Visually evoked potentials, NMDA receptors and the magnocellular system in schizophrenia

Authors

  • Bernt C. Skottun,

    1. Ullevålsalleen 4C, 0852 Oslo, Norway
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  • John R. Skoyles

    Corresponding author
    1. Centre for Mathematics and Physics in the Life Sciences and Experimental Biology (CoMPLEX), University College London, London, UK
    2. Centre for Philosophy of Natural and Social Science (CPNSS), London School of Economics, London, UK
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John R. Skoyles, Centre for Mathematics and Physics in the Life Sciences and Experimental Biology (CoMPLEX), University College London, London NW1 2HE, UK. Tel/Fax: +0207 6794325;
E-mail: j.skoyles@ucl.ac.uk

Abstract

Skottun BC, Skoyles JR. Visually evoked potentials, NMDA receptors and the magnocellular system in schizophrenia.

Background: It has been claimed that schizophrenia can be linked to the magnocellular system by way of N-methyl-d-aspartate (NMDA) receptors. The present report examines this claim.

Methods: A review is made of relevant research literature.

Results: The NMDA studies that have been referenced to connect visual deficits in schizophrenia to the magnocellular system are based on the cat, a species whose visual system is fundamentally different from that of primates. The cat visual system cannot easily be divided into magno- and a parvocellular portions.

Conclusions: Owing to the substantial differences between the visual systems of cats and primates, it is difficult to link sensory abnormalities in schizophrenia specifically to the magnocellular system based on data from the cat.

Significant outcomes

  • It has been proposed that NMDA receptor abnormalities in schizophrenia are linked specifically to the magnocellular system but all the data cited in support of this are all from the cat.
  • The cat visual system is fundamentally different from that of primates making it difficult to use the cat's visual system as a model for humans.
  • It is also difficult to draw conclusions about the magnocellular system based on motion perception.

Limitations

  • The cat visual system could still be similar to the human magnocellular system in spite of its differences from the monkey magnocellular system, although no data exists to support this.
  • It is possible that the magnocellular system in humans has a closer link to motion perception than that found in the monkey.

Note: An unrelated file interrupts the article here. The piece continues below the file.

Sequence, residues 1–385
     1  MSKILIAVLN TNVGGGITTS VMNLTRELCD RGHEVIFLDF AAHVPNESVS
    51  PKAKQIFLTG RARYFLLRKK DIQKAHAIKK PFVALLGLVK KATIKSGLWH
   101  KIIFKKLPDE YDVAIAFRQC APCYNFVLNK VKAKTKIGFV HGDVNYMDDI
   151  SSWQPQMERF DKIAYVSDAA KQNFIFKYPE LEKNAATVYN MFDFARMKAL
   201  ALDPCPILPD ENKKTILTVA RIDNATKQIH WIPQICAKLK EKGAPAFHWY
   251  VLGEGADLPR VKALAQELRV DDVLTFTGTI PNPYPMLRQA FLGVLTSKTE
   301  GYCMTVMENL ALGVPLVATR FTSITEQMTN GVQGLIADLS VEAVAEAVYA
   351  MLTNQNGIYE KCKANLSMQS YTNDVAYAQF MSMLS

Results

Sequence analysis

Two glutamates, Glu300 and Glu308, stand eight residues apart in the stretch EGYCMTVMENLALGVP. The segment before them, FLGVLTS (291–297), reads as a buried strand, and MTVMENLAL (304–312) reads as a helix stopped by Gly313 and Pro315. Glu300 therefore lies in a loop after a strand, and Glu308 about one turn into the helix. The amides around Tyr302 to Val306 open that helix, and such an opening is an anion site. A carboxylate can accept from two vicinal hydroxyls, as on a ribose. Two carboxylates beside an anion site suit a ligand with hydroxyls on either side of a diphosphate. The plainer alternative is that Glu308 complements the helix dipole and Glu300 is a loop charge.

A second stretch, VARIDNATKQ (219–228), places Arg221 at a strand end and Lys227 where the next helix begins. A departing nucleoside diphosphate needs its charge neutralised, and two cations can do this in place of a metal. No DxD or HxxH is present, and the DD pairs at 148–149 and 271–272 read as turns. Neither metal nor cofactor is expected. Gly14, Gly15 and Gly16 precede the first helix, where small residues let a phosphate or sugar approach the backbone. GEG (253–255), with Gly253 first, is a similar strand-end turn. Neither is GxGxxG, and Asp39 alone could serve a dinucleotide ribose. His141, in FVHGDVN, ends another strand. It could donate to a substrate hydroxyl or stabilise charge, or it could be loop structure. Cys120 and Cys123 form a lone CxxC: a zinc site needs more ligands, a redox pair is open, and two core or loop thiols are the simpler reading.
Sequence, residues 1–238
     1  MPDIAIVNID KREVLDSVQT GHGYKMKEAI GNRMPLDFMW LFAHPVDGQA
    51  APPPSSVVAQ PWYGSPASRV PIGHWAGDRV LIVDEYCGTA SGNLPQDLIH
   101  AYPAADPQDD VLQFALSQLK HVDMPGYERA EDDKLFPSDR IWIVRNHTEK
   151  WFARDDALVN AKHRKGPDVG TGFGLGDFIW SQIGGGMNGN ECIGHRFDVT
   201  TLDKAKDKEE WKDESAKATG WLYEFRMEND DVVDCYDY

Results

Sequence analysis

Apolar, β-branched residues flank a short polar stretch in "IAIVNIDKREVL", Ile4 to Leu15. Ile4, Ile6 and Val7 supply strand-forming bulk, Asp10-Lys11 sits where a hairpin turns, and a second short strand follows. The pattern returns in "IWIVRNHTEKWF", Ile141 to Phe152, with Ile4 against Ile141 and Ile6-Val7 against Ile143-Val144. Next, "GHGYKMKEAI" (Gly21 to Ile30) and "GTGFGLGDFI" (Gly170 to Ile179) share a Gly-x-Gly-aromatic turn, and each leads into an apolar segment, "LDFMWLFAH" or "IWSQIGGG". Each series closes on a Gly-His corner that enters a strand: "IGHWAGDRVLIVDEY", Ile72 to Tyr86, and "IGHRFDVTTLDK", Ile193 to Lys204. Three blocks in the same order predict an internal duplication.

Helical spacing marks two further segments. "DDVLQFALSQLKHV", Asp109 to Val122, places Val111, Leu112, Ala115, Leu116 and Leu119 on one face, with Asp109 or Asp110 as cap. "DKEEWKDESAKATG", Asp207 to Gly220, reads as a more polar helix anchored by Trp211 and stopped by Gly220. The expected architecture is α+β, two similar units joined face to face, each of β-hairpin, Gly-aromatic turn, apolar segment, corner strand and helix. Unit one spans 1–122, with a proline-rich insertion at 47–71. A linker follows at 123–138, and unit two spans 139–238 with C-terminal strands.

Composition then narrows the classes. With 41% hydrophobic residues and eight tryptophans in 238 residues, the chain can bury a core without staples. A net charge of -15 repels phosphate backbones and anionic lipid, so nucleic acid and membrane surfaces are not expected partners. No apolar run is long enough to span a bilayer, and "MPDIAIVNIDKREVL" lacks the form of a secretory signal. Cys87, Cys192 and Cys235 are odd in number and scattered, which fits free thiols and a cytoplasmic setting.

Introduction

The primate visual system consists initially of three parallel systems: the magnocellular, the parvocellular and the koniocellular (1,2). It has been proposed that schizophrenic individuals have an impairment in their magnocellular system (3–5). This suggestion is not yet established because of lack of support from tests of magnocellular functioning. The most direct psychophysical test of magnocellular integrity – contrast sensitivity (6)– has provided little evidence for magnocellular deficits in connection with schizophrenia (7,8). Studies of backward masking – a task which by many is taken to depend on magnocellular activity (3)– have also failed to offer support for magnocellular deficiencies (9,10). In addition, a magnocellular deficit would be expected to produce anatomical abnormalities in the lateral geniculate nucleus (LGN). However, two studies (11,12) have not observed such abnormalities in post-mortem brains of schizophrenic subjects.

Steady-state VEPs

It has been claimed or implied that N-methyl-d-aspartate (NMDA) receptors provide a link between perceptual deficiencies in schizophrenia and the magnocellular system. For instance, Butler et al. (13) (see figure legend to their Fig. 3) discussed reduced steady-state visually evoked potential (ssVEP) responses in schizophrenic subjects in terms of magnocellular responses and blocking of NMDA receptors and wrote that ‘… NMDA dysfunction seems to be linked to gain control in the M-pathway …’ (13, p. 44). More recently, Javitt (14) suggested that the deficits in ssVEPs of schizophrenic individuals are linked with the magnocellular system through involvement of NMDA receptors: ‘Deficits in magnocellular ssVEP generation similar to those observed in schizophrenia are seen in animal models following local infusion of NMDA antagonists into LGN or V1’ (14, p. 261). To support this claim, reference was made to Fig. 5 of that article (i.e. to Fig. 5 in the work of Javitt (14)). The data are shown in two panels in this figure, one of which gives responses from cat LGN neurons, with and without infusion of the NMDA antagonist, whilst the other panel displays ssVEP data (adapted from the study of Butler et al. (4)) from schizophrenic subjects along with data from controls. (According to Javitt (14), Fig. 5b of this article is taken from Kwon et al. (15) However, the article of Kwon et al. (15) does not contain a figure of this form. It seems that the source of this figure may have been from Kwon et al. (16). Irrespective of this issue, both studies of Kwon et al. (15,16) deal with data from the cat brain). The argument is that the VEP data from the schizophrenic subjects, relative to those of controls, are similar to the LGN responses in the cat following infusion of an NMDA antagonist, relative to the data obtained without such infusion.